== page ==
Advance Care Planning and the Quality of End-of-Life Care in Older Adults

TitleAdvance Care Planning and the Quality of End-of-Life Care in Older Adults
Publication TypeJournal Article
Year of Publication2013
AuthorsBischoff, KE, Sudore, RL, Miao, Y, Boscardin, WJ
JournalJournal of the American Geriatrics Society
KeywordsEnd of life decisions, Healthcare, Other, Retirement Planning and Satisfaction

OBJECTIVES: To determine whether advance care planning influences quality of end-of-life care. DESIGN: In this observational cohort study, Medicare data and survey data from the Health and Retirement Study (HRS) were combined to determine whether advance care planning was associated with quality metrics. SETTING: The nationally representative HRS. PARTICIPANTS: Four thousand three hundred ninety-nine decedent subjects (mean age 82.6 at death, 55 women). MEASUREMENTS: Advance care planning (ACP). was defined as having an advance directive (AD), durable power of attorney (DPOA) or having discussed preferences for end-of-life care with a next of kin. Outcomes included previously reported quality metrics observed during the last month of life (rates of hospital admission, in-hospital death, 14 days in the hospital, intensive care unit admission, 1 emergency department visit, hospice admission, and length of hospice = 3 days). RESULTS: Seventy-six percent of subjects engaged in ACP. Ninety-two percent of ADs stated a preference to prioritize comfort. After adjustment, subjects who engaged in ACP were less likely to die in a hospital (adjusted relative risk (aRR) = 0.87, 95 confidence interval (CI) = 0.80-0.94), more likely to be enrolled in hospice (aRR = 1.68, 95 CI = 1.43-1.97), and less likely to receive hospice for 3 days or less before death (aRR = 0.88, 95 CI = 0.85-0.91). Having an AD, a DPOA or an ACP discussion were each independently associated with a significant increase in hospice use (P .01 for all). CONCLUSION: ACP was associated with improved quality of care at the end of life, including less in-hospital death and increased use of hospice. Having an AD, assigning a DPOA and conducting ACP discussions are all important elements of ACP. J Am Geriatr Soc 61:209-214, 2013.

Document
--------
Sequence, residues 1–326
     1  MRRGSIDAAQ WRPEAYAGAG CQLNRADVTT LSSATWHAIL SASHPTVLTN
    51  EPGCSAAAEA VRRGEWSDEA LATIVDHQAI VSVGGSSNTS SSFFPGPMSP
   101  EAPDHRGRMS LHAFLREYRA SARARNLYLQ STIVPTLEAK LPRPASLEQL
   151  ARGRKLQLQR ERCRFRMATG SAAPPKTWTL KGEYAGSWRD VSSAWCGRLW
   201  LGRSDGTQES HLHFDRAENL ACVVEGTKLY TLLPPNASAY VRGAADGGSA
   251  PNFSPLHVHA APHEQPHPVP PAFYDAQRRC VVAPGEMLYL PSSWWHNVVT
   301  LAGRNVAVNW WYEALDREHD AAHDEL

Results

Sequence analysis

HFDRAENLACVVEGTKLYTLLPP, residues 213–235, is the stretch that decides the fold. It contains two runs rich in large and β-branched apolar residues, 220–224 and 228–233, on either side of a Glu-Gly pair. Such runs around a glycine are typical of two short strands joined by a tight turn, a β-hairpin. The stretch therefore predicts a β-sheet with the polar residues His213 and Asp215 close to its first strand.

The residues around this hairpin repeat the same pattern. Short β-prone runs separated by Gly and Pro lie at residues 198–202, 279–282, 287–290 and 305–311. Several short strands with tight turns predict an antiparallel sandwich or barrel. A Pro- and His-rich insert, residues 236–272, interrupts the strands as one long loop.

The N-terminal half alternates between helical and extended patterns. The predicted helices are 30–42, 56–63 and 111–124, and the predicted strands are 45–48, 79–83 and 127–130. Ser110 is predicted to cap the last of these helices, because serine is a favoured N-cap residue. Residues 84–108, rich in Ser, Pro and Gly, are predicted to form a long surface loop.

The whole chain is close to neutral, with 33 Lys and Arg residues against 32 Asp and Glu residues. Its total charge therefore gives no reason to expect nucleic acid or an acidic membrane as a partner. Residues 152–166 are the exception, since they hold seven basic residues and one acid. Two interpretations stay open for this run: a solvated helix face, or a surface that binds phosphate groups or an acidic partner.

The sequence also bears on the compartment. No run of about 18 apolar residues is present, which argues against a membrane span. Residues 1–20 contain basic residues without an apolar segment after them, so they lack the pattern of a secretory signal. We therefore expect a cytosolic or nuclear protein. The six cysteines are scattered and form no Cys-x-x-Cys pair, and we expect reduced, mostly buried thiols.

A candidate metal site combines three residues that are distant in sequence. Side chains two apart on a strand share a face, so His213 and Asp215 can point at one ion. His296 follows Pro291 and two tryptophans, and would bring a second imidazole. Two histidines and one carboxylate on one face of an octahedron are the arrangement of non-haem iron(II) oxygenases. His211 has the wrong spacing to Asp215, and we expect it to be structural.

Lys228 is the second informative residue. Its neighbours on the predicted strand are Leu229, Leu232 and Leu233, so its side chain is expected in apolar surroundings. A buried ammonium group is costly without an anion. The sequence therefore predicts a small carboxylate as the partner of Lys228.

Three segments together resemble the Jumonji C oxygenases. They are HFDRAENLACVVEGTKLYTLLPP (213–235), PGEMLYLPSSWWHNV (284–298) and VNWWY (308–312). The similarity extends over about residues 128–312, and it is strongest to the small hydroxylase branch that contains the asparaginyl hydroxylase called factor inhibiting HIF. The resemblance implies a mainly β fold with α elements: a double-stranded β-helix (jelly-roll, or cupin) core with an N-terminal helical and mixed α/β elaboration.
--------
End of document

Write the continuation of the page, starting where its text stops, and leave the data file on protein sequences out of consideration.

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Endnote Keywords

Advance care planning/End of life/quality of care/hospice/Advance directives/Durable power of attorney

Endnote ID


Citation Key7821
PubMed ID23350921
PubMed Central IDPMC3760679